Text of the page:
People in jail say there is little air ventilation and cramped sleeping quarters. They’ve repurposed garbage bags as gloves and socks as masks. In written testimony filed with lawsuits, several described watching people die in the bunks next to them. 

Most jails have responded to the suits by saying they are doing the best they can in challenging circumstances. In the case involving Cook County, a federal judge in late April rejected releasing more inmates, but ordered more steps to ensure social distancing and testing. 

But advocates contend jail leaders across the country haven’t done enough—and what has been done has come too slowly. “The virus is spreading in a matter of days, not weeks,” said Miriam Nemeth, a senior staff attorney at the Advancement Project, a group working with plaintiffs in lawsuits against the Metro West Detention Center in Miami, the Wayne County Jail in Detroit, and the Oakland County Jail just north of Detroit. “We need to move really fast to save peoples lives in a system that is really recalcitrant to change,” she said. 

In their Miami case, a federal judge ordered the jail to follow CDC guidelines for providing personal hygiene supplies and cleaning procedures. The CDC recommends all detainees be given soap and tissues, while those with coronavirus symptoms or a confirmed diagnosis receive masks. The lawsuit also resulted in Metro West agreeing to test people for coronavirus, which they previously weren’t doing.

Alen Blanco, who has been locked up at Metro West since December, described in his testimony to the judge the ever-present dread that spikes when he gets more information about the virus. “I’ve been hearing on the news how contagious the virus is, and how fast it’s spreading in other jails like Rikers. I’m really worried about the same thing happening in Metro West,” he wrote. “Corrections isn’t telling us anything. We learned that there was an officer who tested positive for coronavirus from the news. We’re the last ones to know, we’re in the dark.”

The jail is now being evaluated by independent inspectors who determine if CDC guidelines are being followed.  Advocates say they are disappointed that the judge didn’t order categorical releases of some medically vulnerable people, including those who are pregnant and have cancer. (A representative for the Miami Jail declined to comment, saying they don’t discuss pending litigation.) 

In Oakland County, Michigan, a federal judge Thursday ordered the jail to submit a list of all medically vulnerable detainees who should be considered for release.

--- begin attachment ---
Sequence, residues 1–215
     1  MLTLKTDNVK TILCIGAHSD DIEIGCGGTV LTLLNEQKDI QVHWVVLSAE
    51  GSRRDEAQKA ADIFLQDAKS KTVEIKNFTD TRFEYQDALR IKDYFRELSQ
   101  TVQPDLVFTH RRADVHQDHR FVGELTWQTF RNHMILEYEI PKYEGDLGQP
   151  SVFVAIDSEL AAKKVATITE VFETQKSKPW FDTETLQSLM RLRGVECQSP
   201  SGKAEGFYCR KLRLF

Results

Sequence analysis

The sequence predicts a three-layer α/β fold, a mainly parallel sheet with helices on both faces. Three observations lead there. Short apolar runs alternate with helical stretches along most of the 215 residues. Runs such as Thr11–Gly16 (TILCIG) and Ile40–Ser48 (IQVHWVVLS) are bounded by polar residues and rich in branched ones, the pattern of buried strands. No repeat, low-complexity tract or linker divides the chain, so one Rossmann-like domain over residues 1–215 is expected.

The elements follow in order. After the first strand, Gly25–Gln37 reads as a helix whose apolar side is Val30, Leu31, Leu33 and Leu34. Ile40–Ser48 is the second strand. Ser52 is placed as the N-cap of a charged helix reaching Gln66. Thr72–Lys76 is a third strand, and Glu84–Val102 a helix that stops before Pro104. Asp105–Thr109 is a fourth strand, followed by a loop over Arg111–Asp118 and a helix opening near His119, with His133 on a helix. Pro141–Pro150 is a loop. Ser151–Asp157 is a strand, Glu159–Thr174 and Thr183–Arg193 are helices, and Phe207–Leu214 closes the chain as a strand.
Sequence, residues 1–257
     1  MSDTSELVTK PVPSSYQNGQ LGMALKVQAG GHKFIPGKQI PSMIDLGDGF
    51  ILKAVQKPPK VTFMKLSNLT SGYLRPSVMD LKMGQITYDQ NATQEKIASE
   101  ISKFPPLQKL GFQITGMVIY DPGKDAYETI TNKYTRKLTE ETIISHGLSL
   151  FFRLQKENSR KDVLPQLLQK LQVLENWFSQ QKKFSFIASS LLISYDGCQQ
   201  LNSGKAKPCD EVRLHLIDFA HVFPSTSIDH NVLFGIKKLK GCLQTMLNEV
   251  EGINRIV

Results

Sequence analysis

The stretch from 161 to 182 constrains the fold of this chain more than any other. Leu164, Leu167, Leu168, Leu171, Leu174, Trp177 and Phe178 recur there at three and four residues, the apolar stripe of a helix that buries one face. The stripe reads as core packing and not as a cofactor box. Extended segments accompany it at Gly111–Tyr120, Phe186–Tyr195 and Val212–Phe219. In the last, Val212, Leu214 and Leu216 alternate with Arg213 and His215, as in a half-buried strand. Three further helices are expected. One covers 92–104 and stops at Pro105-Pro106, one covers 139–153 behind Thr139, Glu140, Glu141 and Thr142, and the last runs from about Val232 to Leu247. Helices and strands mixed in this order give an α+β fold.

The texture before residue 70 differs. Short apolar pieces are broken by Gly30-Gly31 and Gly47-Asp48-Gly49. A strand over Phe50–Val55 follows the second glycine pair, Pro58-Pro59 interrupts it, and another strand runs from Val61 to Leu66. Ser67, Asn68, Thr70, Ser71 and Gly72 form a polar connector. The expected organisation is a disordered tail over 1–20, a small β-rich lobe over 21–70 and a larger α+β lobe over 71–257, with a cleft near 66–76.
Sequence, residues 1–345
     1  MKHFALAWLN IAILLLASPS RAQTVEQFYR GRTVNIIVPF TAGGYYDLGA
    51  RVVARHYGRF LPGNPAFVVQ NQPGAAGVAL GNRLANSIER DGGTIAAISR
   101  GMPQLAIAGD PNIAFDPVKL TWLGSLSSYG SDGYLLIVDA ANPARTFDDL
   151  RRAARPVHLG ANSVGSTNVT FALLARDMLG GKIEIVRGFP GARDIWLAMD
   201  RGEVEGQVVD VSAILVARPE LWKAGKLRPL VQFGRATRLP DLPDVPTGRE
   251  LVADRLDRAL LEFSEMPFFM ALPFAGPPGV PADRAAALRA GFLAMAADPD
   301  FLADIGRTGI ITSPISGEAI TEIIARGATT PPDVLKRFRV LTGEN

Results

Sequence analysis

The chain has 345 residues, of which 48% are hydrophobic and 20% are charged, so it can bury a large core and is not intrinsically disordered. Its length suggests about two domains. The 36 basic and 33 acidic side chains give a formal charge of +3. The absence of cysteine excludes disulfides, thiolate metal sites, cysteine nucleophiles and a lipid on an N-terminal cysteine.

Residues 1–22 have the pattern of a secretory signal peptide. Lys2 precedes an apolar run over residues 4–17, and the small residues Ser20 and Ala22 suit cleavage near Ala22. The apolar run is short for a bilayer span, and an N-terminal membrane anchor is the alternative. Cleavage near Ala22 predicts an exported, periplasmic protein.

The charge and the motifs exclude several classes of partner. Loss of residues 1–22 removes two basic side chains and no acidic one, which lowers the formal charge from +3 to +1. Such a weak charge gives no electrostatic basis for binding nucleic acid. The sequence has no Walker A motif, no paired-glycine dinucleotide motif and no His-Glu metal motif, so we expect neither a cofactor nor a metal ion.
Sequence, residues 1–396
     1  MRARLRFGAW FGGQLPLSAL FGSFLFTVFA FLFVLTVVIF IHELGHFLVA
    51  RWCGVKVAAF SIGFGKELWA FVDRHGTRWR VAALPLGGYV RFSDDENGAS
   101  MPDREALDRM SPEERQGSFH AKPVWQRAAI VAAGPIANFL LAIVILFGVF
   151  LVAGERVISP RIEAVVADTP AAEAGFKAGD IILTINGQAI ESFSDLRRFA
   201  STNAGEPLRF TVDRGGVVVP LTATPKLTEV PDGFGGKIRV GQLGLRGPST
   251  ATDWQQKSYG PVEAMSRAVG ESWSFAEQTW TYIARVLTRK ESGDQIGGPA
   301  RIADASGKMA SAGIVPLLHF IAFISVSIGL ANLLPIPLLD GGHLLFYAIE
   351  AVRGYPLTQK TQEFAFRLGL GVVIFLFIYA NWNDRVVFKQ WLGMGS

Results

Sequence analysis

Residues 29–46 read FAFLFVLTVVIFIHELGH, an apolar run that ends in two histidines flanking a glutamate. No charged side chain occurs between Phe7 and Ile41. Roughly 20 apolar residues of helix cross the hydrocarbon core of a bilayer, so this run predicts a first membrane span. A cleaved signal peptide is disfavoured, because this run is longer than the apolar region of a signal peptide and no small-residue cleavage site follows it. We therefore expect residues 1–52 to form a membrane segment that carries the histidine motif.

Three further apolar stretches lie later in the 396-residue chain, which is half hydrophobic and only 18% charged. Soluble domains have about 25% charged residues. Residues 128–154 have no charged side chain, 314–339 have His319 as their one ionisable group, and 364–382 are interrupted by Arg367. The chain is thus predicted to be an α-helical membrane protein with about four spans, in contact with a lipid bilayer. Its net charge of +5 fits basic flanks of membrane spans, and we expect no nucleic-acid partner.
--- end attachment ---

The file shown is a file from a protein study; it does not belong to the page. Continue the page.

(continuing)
Jamaal Cameron, one of the plaintiffs in the suit, was booked into the Oakland County jail in January for a probation violation. He suffers from hypertension, cardiac disease, and obesity and said he wants to be released to serve his time at home via electronic monitoring. “I have no way of protecting myself from this fatal virus inside the jail … I am terrified that if I catch the coronavirus, I will not be able to fight it off,” he wrote. “I worry about dying in the hospital with no family around me.”

In other affidavits, people in the Oakland County jail say that staff members have been largely unsympathetic when they expressed their concerns. One plaintiff alleges that a deputy told her she “signed up for exposure to the coronavirus when [she] broke the law.”

Oakland County Undersheriff Michael McCabe said that jail officials were “extremely disappointed to see the suit filed because it’s filled with lies and falsehoods.” Jail staff have distributed soap, he said, and the facility is “extremely clean.” McCabe said that the jail is already at less than half its capacity and that they “have done everything in [their] power to release inmates early.”

While advocates push for more releases, there has been pushback in communities about the ones that already have taken place. Victims rights organizations and tough-on-crime groups have argued that a pandemic shouldn’t bend the rules. In some places, governors have responded by barring the release of some detainees. Texas Gov. Greg Abbott, for example, said that batch releases would “gravely threaten public safety.”

Health experts counter that not releasing people is the bigger risk to public safety. Jails and prisons with high infection rates become vectors for the surrounding communities—in one prison 80% of the population inside tested positive. Nemeth from the Advancement Project said that “it’s important for these individuals to get out of facilities” so that they can “take the same precautions that experts recommend everyone take.”

At the very least, Nemeth and other advocates say detainees deserve supplies they can use to make themselves as safe as possible. Greer, who has protested outside the Cook County jail daily since her husband died in early April, said that she is a “realist” and never expected her husband to be released. “I understand he was an inmate. He was where society thought he should be,” she said. “But they could have done more.”

“He was trying to do better, trying to become a productive member of society,” she continued. “He still had a lot of living left to do.”

Emma Coleman is the assistant editor for Route Fifty.